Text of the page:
Lansley in practice boundary U-turn

Health secretary Andrew Lansley has performed a U-turn on plans to abolish practice boundaries in April 2012.

Andrew Lansley: 'I'm not abolishing practice boundaries. I'm intending to extend patient choice. We've got to look at how this works' (Photograph: B Stephenson)
Andrew Lansley: 'I'm not abolishing practice boundaries. I'm intending to extend patient choice. We've got to look at how this works' (Photograph: B Stephenson)

The DoH had been expected to press ahead with the change despite warnings that it could put vulnerable patients at risk, force rural practices to close and undermine home visits.

Summing up after a 15-minute speech by Mr Lansley at the RCGP annual conference in Liverpool last week, RCGP chairwoman Dr Clare Gerada said his comments confirmed that 'only in exceptional circumstances will we be mandated to open up our GP boundaries'.

Mr Lansley said later: 'I'm not abolishing practice boundaries. I'm intending to extend patient choice. We've got to look at how this works.'

His claim that current rules were inconvenient for 'thousands of people' with second homes sparked laughter from delegates.

But he added: 'The last government's proposals didn't take account of the practicalities. We need to think carefully about how we manage home visiting and how patients who don't live locally to their practice can receive urgent care and how information is shared.

'We will make sure this is done in a way that preserves the responsibility of clinical commissioning groups for the health of their local population.'

Mr Lansley had been met by a group of about 40 protesters outside the venue singing songs opposing the Health Bill.

The health secretary prolonged his Q&A session from 20 to 45 minutes as GP after GP stood at the microphones to oppose the Health Bill. One GP spoke in favour.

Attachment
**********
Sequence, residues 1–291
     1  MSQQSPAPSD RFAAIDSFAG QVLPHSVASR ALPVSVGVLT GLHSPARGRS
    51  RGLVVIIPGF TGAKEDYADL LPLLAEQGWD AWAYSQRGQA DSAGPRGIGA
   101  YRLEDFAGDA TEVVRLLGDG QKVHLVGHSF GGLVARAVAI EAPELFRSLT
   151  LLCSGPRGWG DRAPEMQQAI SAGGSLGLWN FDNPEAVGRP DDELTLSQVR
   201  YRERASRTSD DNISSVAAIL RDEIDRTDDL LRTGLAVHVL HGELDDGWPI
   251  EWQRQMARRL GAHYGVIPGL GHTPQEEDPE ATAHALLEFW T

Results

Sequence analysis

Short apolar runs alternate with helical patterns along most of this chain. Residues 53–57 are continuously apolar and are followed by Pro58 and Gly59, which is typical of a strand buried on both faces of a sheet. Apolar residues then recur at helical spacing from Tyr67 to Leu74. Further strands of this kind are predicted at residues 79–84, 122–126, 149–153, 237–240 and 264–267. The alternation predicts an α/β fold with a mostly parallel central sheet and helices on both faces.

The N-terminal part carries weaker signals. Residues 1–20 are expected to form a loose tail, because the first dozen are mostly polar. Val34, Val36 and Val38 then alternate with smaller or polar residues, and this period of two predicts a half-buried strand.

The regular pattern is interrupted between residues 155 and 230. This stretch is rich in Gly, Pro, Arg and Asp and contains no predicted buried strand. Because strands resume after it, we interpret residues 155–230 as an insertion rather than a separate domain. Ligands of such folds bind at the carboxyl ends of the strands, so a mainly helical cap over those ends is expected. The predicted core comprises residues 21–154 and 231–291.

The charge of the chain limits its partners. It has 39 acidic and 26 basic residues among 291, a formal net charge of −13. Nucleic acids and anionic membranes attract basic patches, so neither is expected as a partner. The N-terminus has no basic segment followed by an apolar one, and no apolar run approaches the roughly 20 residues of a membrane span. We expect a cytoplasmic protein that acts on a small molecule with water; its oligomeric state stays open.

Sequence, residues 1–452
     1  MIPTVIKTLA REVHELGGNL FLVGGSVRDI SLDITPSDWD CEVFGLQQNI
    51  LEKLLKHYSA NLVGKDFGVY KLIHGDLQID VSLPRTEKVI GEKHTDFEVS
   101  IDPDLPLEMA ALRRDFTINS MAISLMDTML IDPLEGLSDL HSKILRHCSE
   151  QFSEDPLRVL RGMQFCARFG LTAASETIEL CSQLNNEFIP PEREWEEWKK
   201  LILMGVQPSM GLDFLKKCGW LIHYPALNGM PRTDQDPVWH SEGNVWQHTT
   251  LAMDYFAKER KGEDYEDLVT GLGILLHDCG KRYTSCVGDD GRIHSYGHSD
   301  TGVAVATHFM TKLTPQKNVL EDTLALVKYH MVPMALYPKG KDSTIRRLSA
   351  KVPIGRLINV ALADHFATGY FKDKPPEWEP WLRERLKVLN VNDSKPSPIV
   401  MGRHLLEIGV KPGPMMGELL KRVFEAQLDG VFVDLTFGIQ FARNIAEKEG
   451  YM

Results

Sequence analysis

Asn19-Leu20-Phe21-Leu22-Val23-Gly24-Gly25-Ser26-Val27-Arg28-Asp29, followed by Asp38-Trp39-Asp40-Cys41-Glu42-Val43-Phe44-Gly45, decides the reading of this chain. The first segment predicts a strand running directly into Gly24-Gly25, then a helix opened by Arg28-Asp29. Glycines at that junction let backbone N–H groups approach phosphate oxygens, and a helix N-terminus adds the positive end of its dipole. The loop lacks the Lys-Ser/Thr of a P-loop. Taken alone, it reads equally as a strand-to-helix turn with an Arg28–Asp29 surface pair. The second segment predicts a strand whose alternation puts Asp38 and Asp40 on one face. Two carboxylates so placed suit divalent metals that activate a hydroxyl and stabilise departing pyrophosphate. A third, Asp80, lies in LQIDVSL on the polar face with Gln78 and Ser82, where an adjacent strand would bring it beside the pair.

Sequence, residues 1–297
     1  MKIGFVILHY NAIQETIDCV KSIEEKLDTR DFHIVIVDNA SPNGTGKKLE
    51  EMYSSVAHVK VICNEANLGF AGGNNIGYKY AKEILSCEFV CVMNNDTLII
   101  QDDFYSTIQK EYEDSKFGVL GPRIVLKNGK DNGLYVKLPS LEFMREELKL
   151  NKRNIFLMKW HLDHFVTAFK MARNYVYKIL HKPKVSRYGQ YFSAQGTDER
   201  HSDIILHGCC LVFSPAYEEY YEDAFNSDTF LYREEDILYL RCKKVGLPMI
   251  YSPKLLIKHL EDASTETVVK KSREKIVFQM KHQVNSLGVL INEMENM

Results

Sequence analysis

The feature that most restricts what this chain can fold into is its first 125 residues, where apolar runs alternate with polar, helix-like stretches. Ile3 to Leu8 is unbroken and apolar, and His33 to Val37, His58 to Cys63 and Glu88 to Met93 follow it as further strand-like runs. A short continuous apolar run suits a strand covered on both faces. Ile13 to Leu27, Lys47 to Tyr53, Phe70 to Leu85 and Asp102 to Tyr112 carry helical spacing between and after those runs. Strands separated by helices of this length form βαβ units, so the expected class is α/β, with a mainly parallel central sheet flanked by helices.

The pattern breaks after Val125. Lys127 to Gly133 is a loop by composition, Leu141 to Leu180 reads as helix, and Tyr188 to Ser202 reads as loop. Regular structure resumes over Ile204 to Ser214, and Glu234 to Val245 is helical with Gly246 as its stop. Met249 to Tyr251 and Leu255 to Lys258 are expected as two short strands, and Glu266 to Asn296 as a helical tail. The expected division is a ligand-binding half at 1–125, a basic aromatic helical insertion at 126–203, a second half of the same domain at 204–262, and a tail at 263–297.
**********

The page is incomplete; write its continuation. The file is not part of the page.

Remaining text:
Dr Gerada highlighted four 'very positive' points from his speech. In addition to the U-turn on boundaries, she noted:

  • Enhanced GP training would be supported.
  • Any qualified provider would be rolled out in a 'controlled way'.
  • The health secretary would retain responsibility for the NHS.

Mr Lansley was forced to deny that the Health Bill would privatise the NHS under questioning from GPs.

Dr Angela Burnett, a GP in Hackney, east London, said: 'I have grave concerns about increasing privatisation. It's a mistake to move closer to a US model which is the most expensive and most unequal healthcare system in the world.'

Surrey GP Dr Pete Deveson said: 'Mr Lansley repeatedly says that he is not privatising the NHS but what is his definition of privatisation?' He envisaged the introduction of co-payments for treatment and insurance under the Bill.

Oxford GP Dr Duncan Keeley said: 'Many GPs still think that the changes proposed in the Health Bill are damaging to the NHS. The Bill should be withdrawn.'

Mr Lansley said: 'The Health Bill does not allow for private organisations to become responsible for the whole of commissioning. If you ask the public they would say privatisation meant paying for services and that's not what we're proposing. Will we have more private providers than we do now? I don't know.'

Dr Gerada argued that the Bill allowed for more privatisation because more money would move into the for-profit sector.

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